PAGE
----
We are gathered here today to bury Yahoo!, which now joins MySpace and AOL as examples of WWW pioneers which couldn't change as the world evolved around them.
What can we say about Yahoo? In it's time, Yahoo was groundbreaking. Yahoo was the web portal every other portal wanted to be when it grew up. Yahoo was the hip kid everyone turned to for tips on the best the web had to offer. Remember when the Cool Site of the Day was actually cool? Well, back then Yahoo was cooler than that. Yahoo was the king of cool.
But cool is no longer cool. No one cool says cool anymore. Except for the people at Yahoo. Which is majorly uncool.
As the world changed Yahoo struggled to remain relevant. Unable to create their own halfway decent search engine, they used Google's until realizing that might not be a solution to their coming death spiral. Once a pioneer in webmail, they allowed Yahoo Mail to be eclipsed by Gmail.
And now Yahoo is the living dead of websites. While they're still visited by more people than almost any other site in the world, it's doubtful these people actually care whether they're visiting Yahoo or some other generic website. No, they visit out of rote habit, returning day after day because it's what they've done for years and they might as well visit one more time.
But that's not a recipe for success. Yahoo has become the web's equivalent of an outdated strip mall on the rundown edge of suburbia. People still visit but the visits are joyless and slightly disturbing. Everyone knows that any day now the bulldozers will arrive and flatten this piece of ugly, pointless nostalgia. But until that happens they figure they might as well keep coming.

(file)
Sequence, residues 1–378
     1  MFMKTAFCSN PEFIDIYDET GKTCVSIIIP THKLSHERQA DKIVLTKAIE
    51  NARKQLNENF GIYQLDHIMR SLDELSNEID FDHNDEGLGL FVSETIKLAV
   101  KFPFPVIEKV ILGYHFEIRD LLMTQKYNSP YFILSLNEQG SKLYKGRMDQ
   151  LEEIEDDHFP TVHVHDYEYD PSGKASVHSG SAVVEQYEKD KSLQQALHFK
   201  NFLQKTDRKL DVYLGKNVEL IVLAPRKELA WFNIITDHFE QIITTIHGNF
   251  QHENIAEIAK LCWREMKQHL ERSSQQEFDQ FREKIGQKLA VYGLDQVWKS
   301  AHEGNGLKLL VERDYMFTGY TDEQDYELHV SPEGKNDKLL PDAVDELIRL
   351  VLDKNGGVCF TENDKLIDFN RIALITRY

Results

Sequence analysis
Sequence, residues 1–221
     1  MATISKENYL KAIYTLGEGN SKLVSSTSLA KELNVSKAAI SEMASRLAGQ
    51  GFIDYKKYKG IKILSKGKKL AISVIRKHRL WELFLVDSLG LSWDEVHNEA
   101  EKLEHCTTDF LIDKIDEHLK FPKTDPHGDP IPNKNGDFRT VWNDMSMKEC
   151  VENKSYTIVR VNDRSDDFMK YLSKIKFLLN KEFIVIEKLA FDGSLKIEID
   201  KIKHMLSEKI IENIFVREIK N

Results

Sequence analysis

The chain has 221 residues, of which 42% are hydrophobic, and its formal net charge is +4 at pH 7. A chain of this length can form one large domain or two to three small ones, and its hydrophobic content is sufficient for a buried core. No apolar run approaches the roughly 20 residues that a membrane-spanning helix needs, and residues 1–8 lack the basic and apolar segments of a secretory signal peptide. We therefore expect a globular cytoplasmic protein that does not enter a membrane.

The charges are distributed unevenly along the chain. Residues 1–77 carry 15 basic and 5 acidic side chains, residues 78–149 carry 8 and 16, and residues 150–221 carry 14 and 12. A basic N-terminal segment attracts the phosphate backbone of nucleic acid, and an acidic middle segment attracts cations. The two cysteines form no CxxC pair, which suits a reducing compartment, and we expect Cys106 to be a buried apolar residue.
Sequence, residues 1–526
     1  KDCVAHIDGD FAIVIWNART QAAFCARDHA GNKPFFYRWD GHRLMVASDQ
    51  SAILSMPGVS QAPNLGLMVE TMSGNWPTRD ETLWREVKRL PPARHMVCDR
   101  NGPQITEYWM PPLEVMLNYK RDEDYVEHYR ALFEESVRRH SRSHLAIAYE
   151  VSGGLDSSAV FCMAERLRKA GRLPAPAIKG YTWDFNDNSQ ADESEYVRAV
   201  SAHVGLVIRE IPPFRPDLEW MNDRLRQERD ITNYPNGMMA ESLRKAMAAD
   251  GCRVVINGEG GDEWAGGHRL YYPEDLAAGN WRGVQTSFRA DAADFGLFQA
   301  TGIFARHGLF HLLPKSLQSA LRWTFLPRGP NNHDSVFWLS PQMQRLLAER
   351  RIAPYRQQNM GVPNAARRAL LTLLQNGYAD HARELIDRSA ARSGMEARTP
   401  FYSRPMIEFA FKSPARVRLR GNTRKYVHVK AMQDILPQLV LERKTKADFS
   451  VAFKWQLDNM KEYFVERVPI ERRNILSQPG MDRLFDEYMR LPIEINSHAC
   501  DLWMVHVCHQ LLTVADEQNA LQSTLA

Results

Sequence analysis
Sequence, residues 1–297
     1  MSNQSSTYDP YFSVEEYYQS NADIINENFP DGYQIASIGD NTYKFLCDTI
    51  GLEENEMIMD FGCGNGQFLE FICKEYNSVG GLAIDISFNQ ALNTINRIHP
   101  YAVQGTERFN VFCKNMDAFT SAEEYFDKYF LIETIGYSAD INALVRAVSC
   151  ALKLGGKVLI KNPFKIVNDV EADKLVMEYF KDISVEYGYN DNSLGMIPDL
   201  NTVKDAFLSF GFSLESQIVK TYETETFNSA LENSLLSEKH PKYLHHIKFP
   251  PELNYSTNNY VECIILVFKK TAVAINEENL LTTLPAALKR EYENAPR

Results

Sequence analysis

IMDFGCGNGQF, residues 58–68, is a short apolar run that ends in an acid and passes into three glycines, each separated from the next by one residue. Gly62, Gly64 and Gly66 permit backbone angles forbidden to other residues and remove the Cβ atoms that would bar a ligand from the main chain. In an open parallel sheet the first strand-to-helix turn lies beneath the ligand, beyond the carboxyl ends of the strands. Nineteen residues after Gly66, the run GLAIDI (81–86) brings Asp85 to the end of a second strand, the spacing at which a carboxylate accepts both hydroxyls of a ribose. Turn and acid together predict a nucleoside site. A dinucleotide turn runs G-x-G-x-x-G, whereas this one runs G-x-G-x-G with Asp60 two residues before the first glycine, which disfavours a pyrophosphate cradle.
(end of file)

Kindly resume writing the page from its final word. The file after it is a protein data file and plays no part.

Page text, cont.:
I've known for many years that Yahoo was dead but I couldn't bring myself to bury the poor bastard. Even though I preferred my Gmail account, I'd had my Yahoo Mail account for so long that I couldn't stop using it. For the sake of nostalgia I ignored the continually intrusive updates and poorly thought out designs, all reflecting Yahoo's greater and greater desire to turn me into someone who cared about their products. I also ignored the hateful news stream on Yahoo's homepage, which highlighted the worst crackpot articles and rants and theories you could find online.
But yesterday, I finally stopped caring and buried Yahoo. I arrived as I usually did to find Yahoo forcing me to change my password. Sure, they'd say this was for security reasons but I knew that once I changed it everything would go bad. And it did. Yes, I could log in and see my emails, but every email I sent bounced back to me as undeliverable. Except for a few which didn't. There was no sense to the pattern.
But there hasn't been sense to anything about Yahoo in years.
Goodbye, Yahoo! Goodbye Yahoo Mail, which could no longer be trusted to actually deliver your mail. Goodbye Yahoo Messenger, which opened your life to hordes of spambots and unwanted strangers. Goodbye Yahoo defunct services, of which there were so very, very many.
Goodbye, Yahoo! I would say we'd miss you. But we won't.